Transracial adoptees and their allies are speaking out about Rachel Dolezal's and other's use of the term "transracial" in conversations wrestling with her identity, arguing that it does not mean choosing to change one's race, rather it means the adoption of a child, usually a child of color, by a family of another race, usually a Caucasian family.
"Many members of the White press have appropriated and co-opted a deeply meaningful, historical term - transracial - from the adoptee community," Kevin H. Vollmers, Executive Director of Gazillion Strong, told NBC News. "They're treating 'transracial' as though it's a new thing. As a transracial adoptee, this is, at the very least, a slap in the face."
Vollmers says use of the term is particularly harmful, given many transracial adoptees' struggles to define their own identities.
Adoptive families also take issue with Dolezal's claim on the Today Show that she could not parent her African American son as a Caucasian woman. "This questionable and even extreme approach to parenting goes against how families with transracial adoptees should actually tackle issues related to race," wrote a coalition of transracial adoptees, adoptive parents, and academics in An Open Letter: Why Co-opting 'Transracial' in the Case of Rachel Dolezal is Problematic. "A deeper consciousness of issues related to race may occur among White families with transracial adoptees. But this does not mean that White parents become people of color in the process. Instead, adoptive families need to create spaces for transracial adoptees to explore and construct their own identities."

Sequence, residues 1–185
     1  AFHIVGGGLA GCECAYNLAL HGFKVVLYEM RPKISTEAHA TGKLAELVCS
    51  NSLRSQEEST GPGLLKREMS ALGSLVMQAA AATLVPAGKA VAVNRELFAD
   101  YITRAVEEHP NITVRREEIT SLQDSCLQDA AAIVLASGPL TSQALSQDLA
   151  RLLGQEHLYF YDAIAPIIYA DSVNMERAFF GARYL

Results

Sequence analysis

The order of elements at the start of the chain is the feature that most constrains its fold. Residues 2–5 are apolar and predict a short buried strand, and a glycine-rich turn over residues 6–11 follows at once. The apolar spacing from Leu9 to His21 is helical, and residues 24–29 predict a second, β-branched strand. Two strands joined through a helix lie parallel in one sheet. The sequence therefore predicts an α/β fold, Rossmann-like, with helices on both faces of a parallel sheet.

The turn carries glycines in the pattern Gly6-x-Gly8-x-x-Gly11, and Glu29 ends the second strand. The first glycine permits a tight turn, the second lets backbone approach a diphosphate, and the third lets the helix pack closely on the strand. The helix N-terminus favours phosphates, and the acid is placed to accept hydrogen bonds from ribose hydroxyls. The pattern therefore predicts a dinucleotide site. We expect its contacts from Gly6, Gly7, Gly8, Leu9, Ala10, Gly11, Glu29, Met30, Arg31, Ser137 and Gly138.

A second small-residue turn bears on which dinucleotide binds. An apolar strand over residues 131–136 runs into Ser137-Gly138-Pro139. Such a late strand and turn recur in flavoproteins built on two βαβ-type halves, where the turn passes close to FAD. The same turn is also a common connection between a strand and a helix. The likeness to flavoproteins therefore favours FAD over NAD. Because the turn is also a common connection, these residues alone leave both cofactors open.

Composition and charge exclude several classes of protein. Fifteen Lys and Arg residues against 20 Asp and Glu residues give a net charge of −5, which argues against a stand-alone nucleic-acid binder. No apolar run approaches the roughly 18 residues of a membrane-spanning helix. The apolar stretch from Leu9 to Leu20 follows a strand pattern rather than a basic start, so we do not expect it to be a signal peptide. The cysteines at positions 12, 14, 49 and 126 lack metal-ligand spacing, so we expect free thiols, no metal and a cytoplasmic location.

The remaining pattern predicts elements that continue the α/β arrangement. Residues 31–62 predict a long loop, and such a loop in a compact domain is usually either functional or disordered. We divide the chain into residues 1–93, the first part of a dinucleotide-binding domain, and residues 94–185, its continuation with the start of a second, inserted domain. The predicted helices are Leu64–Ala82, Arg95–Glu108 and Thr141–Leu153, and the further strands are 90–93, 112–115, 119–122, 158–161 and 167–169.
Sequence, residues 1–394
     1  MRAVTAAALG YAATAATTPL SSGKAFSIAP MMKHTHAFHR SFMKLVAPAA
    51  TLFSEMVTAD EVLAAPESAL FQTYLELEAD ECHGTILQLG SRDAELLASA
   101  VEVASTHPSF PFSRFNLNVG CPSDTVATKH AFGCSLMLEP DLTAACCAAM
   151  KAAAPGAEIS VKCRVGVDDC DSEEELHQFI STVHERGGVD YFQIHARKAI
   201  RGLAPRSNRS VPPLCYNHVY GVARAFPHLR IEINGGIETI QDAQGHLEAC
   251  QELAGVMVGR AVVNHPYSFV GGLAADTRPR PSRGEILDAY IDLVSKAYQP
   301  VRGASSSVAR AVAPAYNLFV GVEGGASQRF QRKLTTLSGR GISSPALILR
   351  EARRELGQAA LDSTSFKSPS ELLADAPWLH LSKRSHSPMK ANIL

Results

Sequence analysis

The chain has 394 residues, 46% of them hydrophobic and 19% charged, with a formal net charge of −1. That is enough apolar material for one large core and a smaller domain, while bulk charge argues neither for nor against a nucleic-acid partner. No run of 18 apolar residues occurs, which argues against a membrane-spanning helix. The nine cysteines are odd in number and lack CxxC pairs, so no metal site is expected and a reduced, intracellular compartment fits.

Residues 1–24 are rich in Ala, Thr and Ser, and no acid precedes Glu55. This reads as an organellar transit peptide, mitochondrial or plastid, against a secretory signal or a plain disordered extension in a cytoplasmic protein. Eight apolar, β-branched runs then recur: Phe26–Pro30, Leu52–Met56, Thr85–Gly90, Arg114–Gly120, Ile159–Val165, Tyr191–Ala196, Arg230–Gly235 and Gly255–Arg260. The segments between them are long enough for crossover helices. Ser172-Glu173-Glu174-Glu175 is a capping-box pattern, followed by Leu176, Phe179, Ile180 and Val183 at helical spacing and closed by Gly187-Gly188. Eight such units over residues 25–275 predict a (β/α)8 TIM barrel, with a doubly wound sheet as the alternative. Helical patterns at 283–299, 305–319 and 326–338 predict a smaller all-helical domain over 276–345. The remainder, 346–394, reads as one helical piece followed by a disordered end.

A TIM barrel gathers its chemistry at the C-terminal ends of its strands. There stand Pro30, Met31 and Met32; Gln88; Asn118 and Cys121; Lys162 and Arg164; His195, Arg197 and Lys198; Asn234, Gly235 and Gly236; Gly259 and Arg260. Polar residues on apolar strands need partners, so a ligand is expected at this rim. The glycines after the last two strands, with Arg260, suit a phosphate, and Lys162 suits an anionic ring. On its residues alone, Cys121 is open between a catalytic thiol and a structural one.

Adoptees navigating racial boundaries, the group argues, never actually "become White." Those behind the letter and supporters have taken to Twitter to continue the conversation with the hashtags #AskAnAdoptee and #DefineTransracial.